Acumen Technical Director, Lauren Hill, was recently invited to share her thoughts on the way in which waste crime has evolved during the pandemic. Here’s what she had to say.

An Opportunistic New Waste Crime

The story of waste crime is one that is well documented in the press, often we see pictures in both the national and local news, waste dumped in another lay-by, at the side of a road or even down a dead end.  I’ve been involved in several projects resulting from waste crime in the past two years including repatriating waste back from Europe originally destined for recycling, clearing sites used for illegal waste operations and dealing with those operating outsides of their permits.  As well as the more traditional clean ups of fly-tipped household and industrial wastes such as tyres, gas cylinders and asbestos dumped in rural areas.

New Times, New Crimes

Since lockdown began in March last year, there’s a new kind of fly tipping in town; that of abandoned trailers of packaged hazardous waste.  A trailer parked up in a lay by of an A road, unmarked and inconspicuous, the tyres slowly deflating, a trickle of unknown strong smelling liquid begins to drip from the bed, waiting for someone to notice it’s been there for the past few weeks.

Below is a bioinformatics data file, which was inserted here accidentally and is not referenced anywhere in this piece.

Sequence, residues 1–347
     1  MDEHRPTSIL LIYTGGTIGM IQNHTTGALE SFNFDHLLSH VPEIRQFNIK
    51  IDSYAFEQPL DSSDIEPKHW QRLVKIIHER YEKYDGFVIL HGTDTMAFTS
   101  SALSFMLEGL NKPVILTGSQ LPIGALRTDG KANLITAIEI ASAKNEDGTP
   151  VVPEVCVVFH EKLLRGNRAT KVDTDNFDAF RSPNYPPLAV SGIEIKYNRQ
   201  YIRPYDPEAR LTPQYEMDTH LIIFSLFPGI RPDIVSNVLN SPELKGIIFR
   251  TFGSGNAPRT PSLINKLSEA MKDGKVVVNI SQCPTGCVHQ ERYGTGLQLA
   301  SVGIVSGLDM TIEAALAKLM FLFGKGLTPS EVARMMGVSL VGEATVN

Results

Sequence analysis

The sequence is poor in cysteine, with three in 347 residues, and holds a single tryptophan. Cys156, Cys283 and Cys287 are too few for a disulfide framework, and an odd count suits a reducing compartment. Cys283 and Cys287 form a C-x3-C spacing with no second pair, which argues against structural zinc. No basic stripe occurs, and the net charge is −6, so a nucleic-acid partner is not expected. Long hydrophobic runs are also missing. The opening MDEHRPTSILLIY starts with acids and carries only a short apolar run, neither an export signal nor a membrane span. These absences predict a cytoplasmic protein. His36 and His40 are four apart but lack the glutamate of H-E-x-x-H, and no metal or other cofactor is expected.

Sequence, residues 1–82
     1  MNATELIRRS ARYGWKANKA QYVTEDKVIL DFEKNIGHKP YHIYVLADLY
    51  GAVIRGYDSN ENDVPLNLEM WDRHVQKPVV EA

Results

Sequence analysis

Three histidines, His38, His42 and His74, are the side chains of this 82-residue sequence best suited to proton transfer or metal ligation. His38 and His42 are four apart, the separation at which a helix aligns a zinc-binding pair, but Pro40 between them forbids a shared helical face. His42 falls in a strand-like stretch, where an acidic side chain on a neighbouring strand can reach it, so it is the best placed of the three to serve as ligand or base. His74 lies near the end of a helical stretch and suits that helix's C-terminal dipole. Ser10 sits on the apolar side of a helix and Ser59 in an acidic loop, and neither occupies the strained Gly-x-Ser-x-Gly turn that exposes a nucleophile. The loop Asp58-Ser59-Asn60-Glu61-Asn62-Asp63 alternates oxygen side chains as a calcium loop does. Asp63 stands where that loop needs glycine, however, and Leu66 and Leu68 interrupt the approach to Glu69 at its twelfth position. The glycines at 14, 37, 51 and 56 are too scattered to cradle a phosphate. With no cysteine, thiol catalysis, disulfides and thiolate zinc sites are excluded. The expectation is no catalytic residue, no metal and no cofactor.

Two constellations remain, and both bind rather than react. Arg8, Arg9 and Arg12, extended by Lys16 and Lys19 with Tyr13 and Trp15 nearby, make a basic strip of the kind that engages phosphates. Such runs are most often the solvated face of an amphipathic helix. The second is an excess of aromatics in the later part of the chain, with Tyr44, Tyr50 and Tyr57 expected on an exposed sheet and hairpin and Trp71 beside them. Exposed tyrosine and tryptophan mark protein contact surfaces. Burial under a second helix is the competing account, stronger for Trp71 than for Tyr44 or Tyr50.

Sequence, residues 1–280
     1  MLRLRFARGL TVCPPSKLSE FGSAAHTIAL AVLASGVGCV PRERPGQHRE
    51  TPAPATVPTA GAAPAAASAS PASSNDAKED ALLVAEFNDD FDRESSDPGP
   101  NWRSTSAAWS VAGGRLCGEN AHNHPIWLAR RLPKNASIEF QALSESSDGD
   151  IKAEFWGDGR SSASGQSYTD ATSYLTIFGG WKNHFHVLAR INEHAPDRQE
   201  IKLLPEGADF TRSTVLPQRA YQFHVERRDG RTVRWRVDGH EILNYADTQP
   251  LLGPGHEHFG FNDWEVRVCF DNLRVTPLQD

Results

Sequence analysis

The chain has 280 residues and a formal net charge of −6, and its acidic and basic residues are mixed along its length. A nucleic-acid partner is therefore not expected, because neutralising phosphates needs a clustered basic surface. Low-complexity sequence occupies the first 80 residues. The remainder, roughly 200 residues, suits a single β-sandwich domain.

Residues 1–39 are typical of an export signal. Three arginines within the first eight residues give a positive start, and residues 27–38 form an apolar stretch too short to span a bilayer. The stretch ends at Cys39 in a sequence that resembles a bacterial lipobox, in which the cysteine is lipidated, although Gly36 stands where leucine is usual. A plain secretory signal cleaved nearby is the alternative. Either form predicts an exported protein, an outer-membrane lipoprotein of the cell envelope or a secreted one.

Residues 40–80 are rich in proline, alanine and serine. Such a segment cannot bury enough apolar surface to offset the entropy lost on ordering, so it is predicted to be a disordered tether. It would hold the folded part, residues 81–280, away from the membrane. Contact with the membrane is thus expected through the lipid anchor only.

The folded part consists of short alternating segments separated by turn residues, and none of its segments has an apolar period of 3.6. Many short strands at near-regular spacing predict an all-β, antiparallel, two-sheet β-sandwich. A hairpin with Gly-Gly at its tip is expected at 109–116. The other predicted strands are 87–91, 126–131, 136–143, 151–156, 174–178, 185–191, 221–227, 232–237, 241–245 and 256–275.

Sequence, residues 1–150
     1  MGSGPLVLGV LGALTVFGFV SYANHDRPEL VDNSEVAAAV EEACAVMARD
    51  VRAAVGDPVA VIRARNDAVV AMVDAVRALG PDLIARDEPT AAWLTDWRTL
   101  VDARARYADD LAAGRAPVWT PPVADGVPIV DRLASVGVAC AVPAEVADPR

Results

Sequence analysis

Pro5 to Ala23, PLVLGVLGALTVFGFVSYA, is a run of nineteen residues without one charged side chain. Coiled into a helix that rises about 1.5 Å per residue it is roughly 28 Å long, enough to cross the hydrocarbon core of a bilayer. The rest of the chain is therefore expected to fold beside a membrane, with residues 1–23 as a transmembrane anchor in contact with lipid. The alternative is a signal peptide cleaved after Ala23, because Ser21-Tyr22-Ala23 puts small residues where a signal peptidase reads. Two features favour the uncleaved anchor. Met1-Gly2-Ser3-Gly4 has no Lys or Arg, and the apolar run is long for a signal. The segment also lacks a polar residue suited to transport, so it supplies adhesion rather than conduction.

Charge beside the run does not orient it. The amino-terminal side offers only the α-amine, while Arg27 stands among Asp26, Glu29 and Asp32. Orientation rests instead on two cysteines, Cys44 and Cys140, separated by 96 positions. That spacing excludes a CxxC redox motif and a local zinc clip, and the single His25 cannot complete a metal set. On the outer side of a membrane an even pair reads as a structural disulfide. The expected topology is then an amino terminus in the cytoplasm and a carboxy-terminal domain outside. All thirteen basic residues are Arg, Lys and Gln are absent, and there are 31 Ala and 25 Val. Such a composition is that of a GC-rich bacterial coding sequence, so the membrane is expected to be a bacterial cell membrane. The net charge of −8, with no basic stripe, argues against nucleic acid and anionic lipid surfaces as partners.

I’ve attended a number of these in the last 12 months across the North and Midlands. Always the same script – the trailer markings have been erased; labels have been removed from the containers in a bid to not be traced back to their previous owner.  It’s apparent that the waste must have come from a waste operator, the pallets all having been carefully placed on the trailer bed, albeit not always in condition suitable for transport with missing lids and clips, the integrity of the plastic degraded.

The waste contained in these consignments is typically that which requires trans frontier shipment across into Europe for energy recovery.  This not only costs the relevant Local Authorities (who unfortunately  are footing the cost of compliant clean up), but also the time and resource of the police and fire brigade, whose presence is usually required to attend to the health and safety of the public.  A comment was made by the police sergeant attending the first trailer that was discovered, “We don’t get many of these, but I’ll take your number should we need your help again”.  Never did I expect to see him twice again within the next 4 weeks.

The Pressure of the Pandemic on Waste Management

Is this a product of the financial pressures of a global pandemic, driven by the restrictions placed on safely operating in these lockdown conditions; or are some operators taking advantage of a lesser regulatory presence in these unprecedented times? Needless to say, don’t be surprised to find me looking through the curtains of an unmarked trailer at the side of a road.